Showdown of the Holiday Gadget Wish List: Man vs. Marketer

The holiday shopping season is in full swing, and it’s make-or-break time for the hottest category this time of year — consumer electronics. As always, there will be no shortage of choices. Store aisles will be jam-packed with bright, shiny contenders, all competing for a place in your shopping cart.

The holiday shopping season is in full swing, and it’s make-or-break time for the hottest category this time of year — consumer electronics. As always, there will be no shortage of choices. Store aisles will be jam-packed with bright, shiny contenders, all competing for a place in your shopping cart.

I decided to field a survey to find out which gadgets will earn a much-coveted spot in all those stockings hung by the chimney with care. To put a twist on things, I wanted to compare the responses of average consumers versus marketing professionals. Survey respondents included 100 consumers randomly selected from a survey panel and 100 traditional and digital marketing peers.

Most coveted gadgets: the winners
Want to know what to get your favorite marketer this year? The iPad was the hands-down winner among marketers, chosen by one in five respondents. But the iPad isn’t getting the same amount of consumer love — it ranked seventh in a list of 10 items we asked about, with only 8 percent of consumers including it on their wish lists.

What’s on top of consumers’ lists? Flat-screen TVs rule. Maybe those savvy consumers smell a deal? Last year wasn’t a banner year for TV sales, and the inventory glut is leading to heavy price reductions. According to CNN, the average price for a 32-inch LCD TV is just $374. Quite the bargain when compared inch-for-inch against the 9.7-inch iPad screen.

Life beyond Android and iPhone: the surprises
With all the talk about convergence devices that do it all, I didn’t expect to see a decidedly old-school, not-so-one-stop-shop entry in the top three of both the consumer and marketer list — digital cameras. It’s a reminder that there’s still a lot of demand for specialized, single-use devices.

When it comes to mobile, the iPhone was the most mentioned smartphone for both marketers and consumers, fueled by its heavily anticipated arrival at Verizon. Android phones were rock bottom on the list among nonmarketers, with a mere 2 percent hoping for one this holiday. Smartphones (non-Android or iPhone) made a surprisingly strong showing among consumers, tying for third place with the iPhone. In the iPhone- and Android-obsessed world of marketers, it’s easy to forget that there’s a lot of other options out there.

We’re not our target customers: the not so surprising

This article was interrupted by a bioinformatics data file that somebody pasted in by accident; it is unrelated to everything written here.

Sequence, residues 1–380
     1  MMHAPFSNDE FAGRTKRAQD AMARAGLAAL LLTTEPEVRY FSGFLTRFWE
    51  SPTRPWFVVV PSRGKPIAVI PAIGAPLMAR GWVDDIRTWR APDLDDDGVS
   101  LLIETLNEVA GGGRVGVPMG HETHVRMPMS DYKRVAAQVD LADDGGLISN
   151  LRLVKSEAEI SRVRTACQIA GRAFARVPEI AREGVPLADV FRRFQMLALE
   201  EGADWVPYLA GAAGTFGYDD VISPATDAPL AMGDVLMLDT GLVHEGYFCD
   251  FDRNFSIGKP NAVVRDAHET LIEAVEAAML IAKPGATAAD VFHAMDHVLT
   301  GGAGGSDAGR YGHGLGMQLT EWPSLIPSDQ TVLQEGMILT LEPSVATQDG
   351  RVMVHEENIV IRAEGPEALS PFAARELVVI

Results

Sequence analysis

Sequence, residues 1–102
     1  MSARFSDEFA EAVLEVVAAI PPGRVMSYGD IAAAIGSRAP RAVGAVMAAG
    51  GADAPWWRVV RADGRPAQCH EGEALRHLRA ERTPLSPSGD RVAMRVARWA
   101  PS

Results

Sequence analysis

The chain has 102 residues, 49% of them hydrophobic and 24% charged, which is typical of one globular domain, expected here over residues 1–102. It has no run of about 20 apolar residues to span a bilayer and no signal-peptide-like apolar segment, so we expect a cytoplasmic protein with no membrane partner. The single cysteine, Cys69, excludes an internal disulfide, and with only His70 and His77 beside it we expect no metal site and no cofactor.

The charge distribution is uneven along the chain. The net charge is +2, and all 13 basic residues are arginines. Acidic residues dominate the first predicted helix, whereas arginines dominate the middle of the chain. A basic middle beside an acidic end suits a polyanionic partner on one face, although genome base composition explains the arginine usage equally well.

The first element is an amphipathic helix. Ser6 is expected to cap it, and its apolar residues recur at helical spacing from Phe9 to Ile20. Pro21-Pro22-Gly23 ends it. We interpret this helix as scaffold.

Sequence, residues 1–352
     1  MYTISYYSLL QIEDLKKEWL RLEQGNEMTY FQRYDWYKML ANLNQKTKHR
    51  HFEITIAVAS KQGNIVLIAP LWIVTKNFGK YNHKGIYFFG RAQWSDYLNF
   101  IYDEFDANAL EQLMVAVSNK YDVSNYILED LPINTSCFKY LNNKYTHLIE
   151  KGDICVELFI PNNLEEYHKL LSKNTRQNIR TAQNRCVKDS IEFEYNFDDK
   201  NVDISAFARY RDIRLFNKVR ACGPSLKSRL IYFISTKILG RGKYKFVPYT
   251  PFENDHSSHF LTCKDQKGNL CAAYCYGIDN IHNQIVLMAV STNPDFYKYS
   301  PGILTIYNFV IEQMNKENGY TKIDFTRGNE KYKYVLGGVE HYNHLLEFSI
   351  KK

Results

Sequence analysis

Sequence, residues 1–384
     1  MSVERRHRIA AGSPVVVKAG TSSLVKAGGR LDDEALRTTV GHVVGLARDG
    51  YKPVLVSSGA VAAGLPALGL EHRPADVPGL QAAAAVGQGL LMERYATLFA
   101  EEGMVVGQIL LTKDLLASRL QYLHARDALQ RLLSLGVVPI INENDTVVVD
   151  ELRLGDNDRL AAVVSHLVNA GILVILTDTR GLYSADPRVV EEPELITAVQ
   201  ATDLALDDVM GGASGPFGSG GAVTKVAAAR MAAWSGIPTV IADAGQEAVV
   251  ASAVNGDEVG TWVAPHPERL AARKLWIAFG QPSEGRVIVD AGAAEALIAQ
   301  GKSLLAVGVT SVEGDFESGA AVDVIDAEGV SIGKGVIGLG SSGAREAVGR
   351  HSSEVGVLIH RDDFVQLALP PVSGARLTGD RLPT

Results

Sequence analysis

Over 90 percent of the marketers surveyed labeled one or more of the items they were asked about as a must-have for their holiday wish lists. One in 10 even included additional candidates, including GoogleTV, Xbox with Kinect, Roku and the latest iPod. But the average consumer is definitely less smitten by gizmos and gadgets — over 50 percent said none of the items we asked about will make it onto their holiday wish lists.

The reluctance among consumers to indulge in pricey electronic goodies is consistent with the grim predictions of 2010 holiday spending, such as the recent finding from the NPD Group that “consumers who were considering just cutting back on [consumer electronics] purchases are now not planning to buy anything at all.”

Holiday 2010: the takeaways
While 2011 is shaping up to be the year the iPhone hits mass adoption, there are a lot of other smartphone choices out there. This doesn’t make things any easier for app-slinging marketers, who will have to prioritize the platforms they want to serve.

iPad envy aside, there’s a lot in common between marketers and consumers. For now, most of us are favoring the familiar over the newer-to-market indulgences. Emerging technologies such as 3-D TVs, tablets and e-readers may dominate headlines, but it’s the established devices such as digital cameras and flat-screen TVs that will continue to capture wallet share this holiday season.

As for my list, I’m hoping to get something (or someone) to help carry around all the gadgets I already own. What’s on your wish list?

What Do We Really Know About Consumers?

Turns out American’s didn’t splurge on trivial junk during this recession, and that means many experts don’t know today’s consumer as well as they thought they did.

Turns out Americans didn’t splurge on trivial junk during this recession, and that means many experts don’t know today’s consumer as well as they thought they did. At least that’s the takeaway from this article by Mina Kimes of CNN Money.

The prevailing assumptions about recessionary spending were based on studies of consumer spending during past recessions that showed Americans spending more on cheap indulgences during hard times. But as Kimes points out, that hasn’t held true during this recession. iPhone sales spiked while lipstick, liquor and candy dropped.

Some of those trends saw ups and downs (a previous report by Kimes indicated general cosmetics doing well last year), but overall, 2009’s cash-strapped consumers seemed to make purchase decisions more thoughtfully than in recessions past. Instead of cutting expensive items and indulging on the cheap, they made more complex calculations. They often saved money to buy expensive items, for example, sometimes by cutting out the very indulgences consumers might have wallowed in during “simpler” times. It appears that many took control of their finances instead of living hand-to-mouth, with some surprising retail results.